Then, suddenly, another voice superimposed itself, a voice that brought him back in an instant from the swirling, smothering darkness of his nightmares.

He opened his eyes, blinked. "Tom," he called, "is that you?"

* * *

Tom turned automatically, took a step in that direction—which saved his life, at least for the moment. Andrew fired his gun just as Tom turned. Andrew was a fairly good shot; if Stanley hadn't spoken, if Tom hadn't moved, Andrew would certainly have killed him with that one shot. Instead of the chest, right in the heart, the bullet caught Tom lower, off center. Tom staggered and fell, pain piercing his side where the bullet had entered. But not dead.

Andrew struck all of the matches in his hand and threw them at the trail of gasoline on the floor. He would have shot Tom again, intended to shoot him with a more careful aim, but the flames surprised him, leaped up faster, more violently than he had expected. The heat was instantly intense, growing rapidly worse and still worse. It felt as if any second his clothes might ignite spontaneously, or his hair, even.

He hesitated for only a heartbeat. Tom was wounded, perhaps mortally. In any case, it would take no more than a minute at the most for the gasoline to reach the pile of propane canisters, seconds more for the tanks to explode. Wounded, there was no way Tom would escape in time.

A living dog is better than a dead lion. The instinct for self-survival that had served Andrew so well in the past came to the fore. He fired one more shot, wildly, and made his own escape while he still could, bolting upward, the metal stairs clanging as he ran.

Already, the metal was hot to the touch. He ran harder.

* * *

Tom staggered to his knees. The fire was spreading rapidly, the flames racing across the open space. When it got to the propane tanks…

"Stanley," he shouted. High above, a door opened and banged shut. Smoke blew into Tom's face, making him cough. He made it to his feet, clutching at his side. Blood seeped through his fingers. He held his hand tight over the wound and lumbered toward the wooden screen. Banged into it, knocking it over with a crash.

Stanley was sitting on the edge of a cot, shaking his head groggily. "Tom," he said. "I heard a shot. I…"

"Get up," Tom ordered him, "we've got to get out of here."

Stanley's eyes went wide, tried to focus. "You're hurt."

"Just a scratch. Come on." He got Stanley to his feet, his arm around him. "No, save your breath, we'll talk later." Staggering feebly, Tom managed to get with him to the main part of the warehouse. Already, the room was an inferno, the flames lapping at the tanks of propane. Tom's gut was on fire, the smoke stinging his eyes and his lungs. His knees felt like jelly. Behind them, the wooden partition burst into flames with a small explosion, like a popgun going off. Tom could see the open door—a thousand miles away.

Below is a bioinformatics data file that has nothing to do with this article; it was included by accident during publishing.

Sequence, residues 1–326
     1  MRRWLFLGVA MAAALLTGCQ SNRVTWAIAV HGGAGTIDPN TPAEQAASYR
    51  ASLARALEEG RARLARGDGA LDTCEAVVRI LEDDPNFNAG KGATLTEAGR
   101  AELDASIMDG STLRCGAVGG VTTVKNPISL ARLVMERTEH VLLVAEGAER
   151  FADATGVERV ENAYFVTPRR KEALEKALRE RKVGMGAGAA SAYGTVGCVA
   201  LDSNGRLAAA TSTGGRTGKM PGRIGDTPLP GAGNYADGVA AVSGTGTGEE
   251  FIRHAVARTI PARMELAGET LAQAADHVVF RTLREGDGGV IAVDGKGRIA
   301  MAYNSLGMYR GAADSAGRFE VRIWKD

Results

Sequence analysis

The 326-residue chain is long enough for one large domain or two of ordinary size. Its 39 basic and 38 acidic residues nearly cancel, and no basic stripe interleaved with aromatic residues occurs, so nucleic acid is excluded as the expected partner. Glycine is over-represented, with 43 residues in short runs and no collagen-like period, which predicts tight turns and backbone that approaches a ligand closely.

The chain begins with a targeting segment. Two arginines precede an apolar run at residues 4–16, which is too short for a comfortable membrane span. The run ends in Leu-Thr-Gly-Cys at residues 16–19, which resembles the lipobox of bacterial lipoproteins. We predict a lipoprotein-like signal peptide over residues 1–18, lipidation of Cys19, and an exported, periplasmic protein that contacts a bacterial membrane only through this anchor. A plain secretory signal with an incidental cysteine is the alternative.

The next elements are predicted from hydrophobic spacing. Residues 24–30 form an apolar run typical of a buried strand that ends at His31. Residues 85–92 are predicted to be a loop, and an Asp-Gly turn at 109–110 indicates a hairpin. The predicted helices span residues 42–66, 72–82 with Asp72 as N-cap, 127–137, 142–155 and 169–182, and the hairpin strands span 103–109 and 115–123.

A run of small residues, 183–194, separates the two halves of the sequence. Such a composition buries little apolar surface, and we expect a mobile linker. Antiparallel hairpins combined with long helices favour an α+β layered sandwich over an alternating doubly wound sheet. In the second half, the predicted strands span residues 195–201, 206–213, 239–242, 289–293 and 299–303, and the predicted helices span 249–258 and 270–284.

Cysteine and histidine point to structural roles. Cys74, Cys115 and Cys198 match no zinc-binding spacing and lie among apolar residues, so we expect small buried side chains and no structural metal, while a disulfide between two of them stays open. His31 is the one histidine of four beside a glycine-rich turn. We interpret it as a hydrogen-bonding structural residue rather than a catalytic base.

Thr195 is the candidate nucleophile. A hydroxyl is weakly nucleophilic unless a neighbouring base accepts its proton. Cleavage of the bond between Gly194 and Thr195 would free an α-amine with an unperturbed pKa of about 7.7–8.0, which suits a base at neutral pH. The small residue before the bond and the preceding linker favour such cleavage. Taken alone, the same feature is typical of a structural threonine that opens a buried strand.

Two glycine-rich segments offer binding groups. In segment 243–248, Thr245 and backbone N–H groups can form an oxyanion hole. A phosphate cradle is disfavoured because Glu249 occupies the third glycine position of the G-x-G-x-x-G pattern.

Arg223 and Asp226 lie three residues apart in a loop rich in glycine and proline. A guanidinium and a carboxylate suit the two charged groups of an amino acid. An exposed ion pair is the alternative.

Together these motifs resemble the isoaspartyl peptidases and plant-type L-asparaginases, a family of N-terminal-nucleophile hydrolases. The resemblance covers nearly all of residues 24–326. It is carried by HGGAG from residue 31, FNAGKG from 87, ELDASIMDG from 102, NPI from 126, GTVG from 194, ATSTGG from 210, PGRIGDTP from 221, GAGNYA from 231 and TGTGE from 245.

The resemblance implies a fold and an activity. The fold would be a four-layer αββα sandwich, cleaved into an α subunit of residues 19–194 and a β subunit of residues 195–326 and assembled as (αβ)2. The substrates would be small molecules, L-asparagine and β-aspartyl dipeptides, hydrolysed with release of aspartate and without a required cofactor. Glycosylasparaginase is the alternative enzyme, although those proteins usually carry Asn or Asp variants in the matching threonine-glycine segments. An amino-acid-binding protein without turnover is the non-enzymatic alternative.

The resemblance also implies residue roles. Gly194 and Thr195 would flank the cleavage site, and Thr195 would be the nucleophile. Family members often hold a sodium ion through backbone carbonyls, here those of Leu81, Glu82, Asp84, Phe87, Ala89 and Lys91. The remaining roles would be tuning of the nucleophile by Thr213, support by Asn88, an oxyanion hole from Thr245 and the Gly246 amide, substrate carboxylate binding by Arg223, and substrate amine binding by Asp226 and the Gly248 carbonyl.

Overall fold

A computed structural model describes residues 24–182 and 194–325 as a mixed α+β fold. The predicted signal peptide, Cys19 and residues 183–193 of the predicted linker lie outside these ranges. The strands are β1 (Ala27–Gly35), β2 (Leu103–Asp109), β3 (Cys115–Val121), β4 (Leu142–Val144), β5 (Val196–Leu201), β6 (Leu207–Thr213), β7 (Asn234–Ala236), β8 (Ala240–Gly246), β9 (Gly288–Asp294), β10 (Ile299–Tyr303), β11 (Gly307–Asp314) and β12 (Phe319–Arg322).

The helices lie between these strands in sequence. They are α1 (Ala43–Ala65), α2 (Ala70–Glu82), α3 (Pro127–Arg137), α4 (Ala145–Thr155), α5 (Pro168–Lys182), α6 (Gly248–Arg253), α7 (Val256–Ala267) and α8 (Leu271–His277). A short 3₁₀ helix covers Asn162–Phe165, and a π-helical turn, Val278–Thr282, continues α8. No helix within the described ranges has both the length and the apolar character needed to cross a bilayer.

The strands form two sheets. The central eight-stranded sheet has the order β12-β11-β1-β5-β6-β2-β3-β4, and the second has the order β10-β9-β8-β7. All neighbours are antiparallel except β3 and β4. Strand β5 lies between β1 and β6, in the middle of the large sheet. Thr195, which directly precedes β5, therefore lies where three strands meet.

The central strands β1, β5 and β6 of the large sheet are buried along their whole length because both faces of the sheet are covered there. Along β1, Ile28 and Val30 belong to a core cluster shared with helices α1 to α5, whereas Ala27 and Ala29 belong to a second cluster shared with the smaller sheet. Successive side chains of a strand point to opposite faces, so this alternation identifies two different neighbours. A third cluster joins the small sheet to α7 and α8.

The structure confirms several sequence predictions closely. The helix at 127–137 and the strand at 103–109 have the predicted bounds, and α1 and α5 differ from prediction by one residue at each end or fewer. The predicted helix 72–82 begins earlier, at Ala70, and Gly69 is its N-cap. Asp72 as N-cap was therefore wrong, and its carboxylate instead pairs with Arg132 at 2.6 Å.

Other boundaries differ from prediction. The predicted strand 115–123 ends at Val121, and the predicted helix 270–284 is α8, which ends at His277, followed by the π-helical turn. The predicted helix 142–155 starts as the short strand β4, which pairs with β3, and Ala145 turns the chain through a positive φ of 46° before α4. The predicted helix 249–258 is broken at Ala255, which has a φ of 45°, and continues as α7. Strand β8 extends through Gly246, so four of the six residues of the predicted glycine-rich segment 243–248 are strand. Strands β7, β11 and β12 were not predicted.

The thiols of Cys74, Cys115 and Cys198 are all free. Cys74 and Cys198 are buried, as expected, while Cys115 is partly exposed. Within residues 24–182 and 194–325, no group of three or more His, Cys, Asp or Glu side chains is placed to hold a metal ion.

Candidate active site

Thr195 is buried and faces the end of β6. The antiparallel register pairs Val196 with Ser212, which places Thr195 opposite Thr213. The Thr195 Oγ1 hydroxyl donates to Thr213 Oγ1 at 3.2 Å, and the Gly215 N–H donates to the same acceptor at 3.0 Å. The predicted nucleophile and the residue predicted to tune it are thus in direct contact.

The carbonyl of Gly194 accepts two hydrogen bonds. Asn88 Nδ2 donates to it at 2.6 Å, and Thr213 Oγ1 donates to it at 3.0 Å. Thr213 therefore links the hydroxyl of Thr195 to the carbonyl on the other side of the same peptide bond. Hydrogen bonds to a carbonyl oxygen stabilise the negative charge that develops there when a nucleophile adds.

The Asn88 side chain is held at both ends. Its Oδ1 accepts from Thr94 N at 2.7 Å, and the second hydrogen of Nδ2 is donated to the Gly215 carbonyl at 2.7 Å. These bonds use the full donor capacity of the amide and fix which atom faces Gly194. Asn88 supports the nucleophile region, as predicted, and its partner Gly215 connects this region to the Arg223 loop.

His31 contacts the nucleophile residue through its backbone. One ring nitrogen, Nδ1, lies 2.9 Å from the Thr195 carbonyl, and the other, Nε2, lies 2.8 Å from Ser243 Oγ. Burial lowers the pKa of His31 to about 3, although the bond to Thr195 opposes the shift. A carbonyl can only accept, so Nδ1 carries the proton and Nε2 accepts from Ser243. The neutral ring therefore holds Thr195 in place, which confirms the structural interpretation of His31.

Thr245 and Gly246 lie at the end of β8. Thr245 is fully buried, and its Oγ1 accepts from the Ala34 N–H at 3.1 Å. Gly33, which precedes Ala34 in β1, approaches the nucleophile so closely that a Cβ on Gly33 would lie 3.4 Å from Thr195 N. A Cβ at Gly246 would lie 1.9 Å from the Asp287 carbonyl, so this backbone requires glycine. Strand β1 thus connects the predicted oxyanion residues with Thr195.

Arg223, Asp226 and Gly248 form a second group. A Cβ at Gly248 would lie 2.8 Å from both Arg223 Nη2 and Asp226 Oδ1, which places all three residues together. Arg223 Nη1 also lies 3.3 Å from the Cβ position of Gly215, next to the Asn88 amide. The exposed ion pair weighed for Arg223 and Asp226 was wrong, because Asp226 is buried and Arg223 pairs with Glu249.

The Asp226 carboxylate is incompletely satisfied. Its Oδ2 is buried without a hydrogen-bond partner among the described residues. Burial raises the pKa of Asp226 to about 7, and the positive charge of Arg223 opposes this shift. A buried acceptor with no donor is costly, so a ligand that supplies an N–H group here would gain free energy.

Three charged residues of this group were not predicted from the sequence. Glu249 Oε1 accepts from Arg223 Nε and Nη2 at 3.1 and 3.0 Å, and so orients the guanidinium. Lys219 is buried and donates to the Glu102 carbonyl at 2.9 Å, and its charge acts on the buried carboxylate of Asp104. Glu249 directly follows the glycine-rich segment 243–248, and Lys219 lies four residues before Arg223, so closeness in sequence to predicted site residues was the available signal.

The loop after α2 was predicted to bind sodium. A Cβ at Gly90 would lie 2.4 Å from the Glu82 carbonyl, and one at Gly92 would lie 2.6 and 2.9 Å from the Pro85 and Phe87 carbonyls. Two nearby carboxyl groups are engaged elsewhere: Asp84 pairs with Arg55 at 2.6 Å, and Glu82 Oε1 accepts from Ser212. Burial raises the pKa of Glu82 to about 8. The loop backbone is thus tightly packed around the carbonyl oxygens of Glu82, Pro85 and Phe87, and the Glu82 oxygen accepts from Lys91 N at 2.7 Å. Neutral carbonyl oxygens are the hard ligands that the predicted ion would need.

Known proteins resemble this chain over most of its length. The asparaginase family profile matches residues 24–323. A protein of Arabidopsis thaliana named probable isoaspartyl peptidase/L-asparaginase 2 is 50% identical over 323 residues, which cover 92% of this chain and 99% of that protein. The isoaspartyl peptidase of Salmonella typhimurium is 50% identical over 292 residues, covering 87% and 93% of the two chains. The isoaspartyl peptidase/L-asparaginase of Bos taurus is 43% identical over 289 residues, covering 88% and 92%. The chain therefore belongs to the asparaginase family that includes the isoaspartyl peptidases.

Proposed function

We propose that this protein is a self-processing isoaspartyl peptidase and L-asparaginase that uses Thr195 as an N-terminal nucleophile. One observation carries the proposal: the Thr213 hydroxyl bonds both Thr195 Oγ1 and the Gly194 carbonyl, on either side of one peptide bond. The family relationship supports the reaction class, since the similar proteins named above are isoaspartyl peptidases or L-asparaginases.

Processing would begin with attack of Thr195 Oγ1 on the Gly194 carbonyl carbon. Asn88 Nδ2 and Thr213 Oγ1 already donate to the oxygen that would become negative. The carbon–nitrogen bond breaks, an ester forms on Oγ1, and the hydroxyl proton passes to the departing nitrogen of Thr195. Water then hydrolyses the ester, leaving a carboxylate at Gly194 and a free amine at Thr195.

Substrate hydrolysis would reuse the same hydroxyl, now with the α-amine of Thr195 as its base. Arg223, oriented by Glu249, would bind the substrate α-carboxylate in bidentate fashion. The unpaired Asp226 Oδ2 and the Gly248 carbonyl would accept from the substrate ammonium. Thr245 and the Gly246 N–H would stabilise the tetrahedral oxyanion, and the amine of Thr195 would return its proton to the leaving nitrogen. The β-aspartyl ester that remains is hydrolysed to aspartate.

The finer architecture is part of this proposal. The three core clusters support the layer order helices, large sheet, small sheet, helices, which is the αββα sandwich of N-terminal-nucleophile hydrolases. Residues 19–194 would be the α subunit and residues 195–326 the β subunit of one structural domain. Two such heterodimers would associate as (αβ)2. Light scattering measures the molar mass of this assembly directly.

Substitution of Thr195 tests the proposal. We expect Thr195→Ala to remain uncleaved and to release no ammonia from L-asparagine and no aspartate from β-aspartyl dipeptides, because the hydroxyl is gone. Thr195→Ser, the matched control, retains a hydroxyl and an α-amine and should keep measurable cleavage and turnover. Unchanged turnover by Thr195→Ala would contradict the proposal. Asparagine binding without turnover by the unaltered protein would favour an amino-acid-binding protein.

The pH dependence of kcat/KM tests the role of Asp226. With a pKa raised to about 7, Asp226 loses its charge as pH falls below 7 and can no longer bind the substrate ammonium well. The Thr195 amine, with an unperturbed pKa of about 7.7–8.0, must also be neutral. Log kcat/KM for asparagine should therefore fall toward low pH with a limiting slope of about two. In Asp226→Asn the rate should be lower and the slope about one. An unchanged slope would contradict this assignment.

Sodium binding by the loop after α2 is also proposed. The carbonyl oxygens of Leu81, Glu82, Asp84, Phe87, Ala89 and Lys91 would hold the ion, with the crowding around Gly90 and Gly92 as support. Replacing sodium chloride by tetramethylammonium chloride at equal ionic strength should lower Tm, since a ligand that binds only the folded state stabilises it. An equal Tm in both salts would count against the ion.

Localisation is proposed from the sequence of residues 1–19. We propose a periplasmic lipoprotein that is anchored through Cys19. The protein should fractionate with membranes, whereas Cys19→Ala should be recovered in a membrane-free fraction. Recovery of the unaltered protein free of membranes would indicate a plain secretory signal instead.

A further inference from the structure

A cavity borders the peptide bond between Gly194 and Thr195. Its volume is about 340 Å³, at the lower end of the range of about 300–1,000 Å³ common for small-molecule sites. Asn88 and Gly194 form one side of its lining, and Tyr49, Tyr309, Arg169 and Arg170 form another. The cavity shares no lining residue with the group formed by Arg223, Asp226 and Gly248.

He suddenly knew he wouldn't make it. He could only hold Stanley back—and if he did, neither of them was going to escape.

"Run, Stanley," he said, shoving a hand hard at Stanley's back. "The door. Go, fast as you can. Don't worry, I’m right behind you."

For a second, Stanley hesitated. "Go," Tom bellowed, shoving harder, "God damn it, Stanley, do what I tell you. Run."

Stanley ran. The flames were a flickering curtain. He could see Tom's pick up through them, and the open door beyond that. He put his arms up over his face and ran through the blaze, past the truck, out the door…and found himself, astonishingly, in Edward Hannibal's arms.

"Easy," Hannibal said, brushing at the smoldering sleeve of Stanley's jacket, "We've got you. Take it easy."

Stanley's laugh was just short of hysterical. "My God," he said, "Did you ever see…Tom, look, it's Mister Hannibal, talk about Johnny-on-the-spot. Whoo-eee, talk about…"

He looked over his shoulder. Cars were parked everywhere, police cars and dark government sedans, and already in the distance he could hear sirens. People were milling about; it looked like an army of them, men in dark suits and men in black SFPD uniforms.

Only…he didn't see Tom among them.

The warehouse exploded suddenly, a blast so violent that it shook the ground like an earthquake. Great tongues of flame burst out the door and flung the glass from the windows, scorching the sparse grass that ran along the side of the alley, driving the people closest to it back, to take shelter behind the vehicles.

"Where's Tom?" Stanley demanded, of no one and everyone, his voice ascending. "Tom? Where are you?"

"Take it easy," Hannibal said again.

Stanley looked into his face, back at the fire now leaping skyward, and into Hannibal's face again. "He didn't make it?" Hannibal said nothing. He didn't need to. His expression said everything.

"Let me go." Stanley struggled with the arms that were suddenly tighter around him. "Tom's still in there. Damn you, let me go."

"Hold him," Hannibal said, and all at once there were more arms, it seemed dozens of them, holding Stanley back when he would have rushed into that conflagration. Would have rushed into Hell itself if Tom were there. Didn't they know that? Couldn't they understand?

Stanley fought against them furiously, cursing and kicking and punching, but there were too many of them and they were too strong. His strength failed him then, and he surrendered to the arms, felt someone lifting him off the ground, carrying him away from the fire.

"Tom." It was a scream of pain, of anguish. "Tom!"">

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C. Zampa said...

I've read the first in the 'Deadly' series and LOVE Stanley and Tom. I've got to get busy and read the rest of the books in the series.

And the excerpt was certainly a tempting prompt!

Thanks for sharing!

Jardonn Smith said...

If tough guy Tom had to be taken out, I'm glad he died heroically. If he did die. Tricky Victor.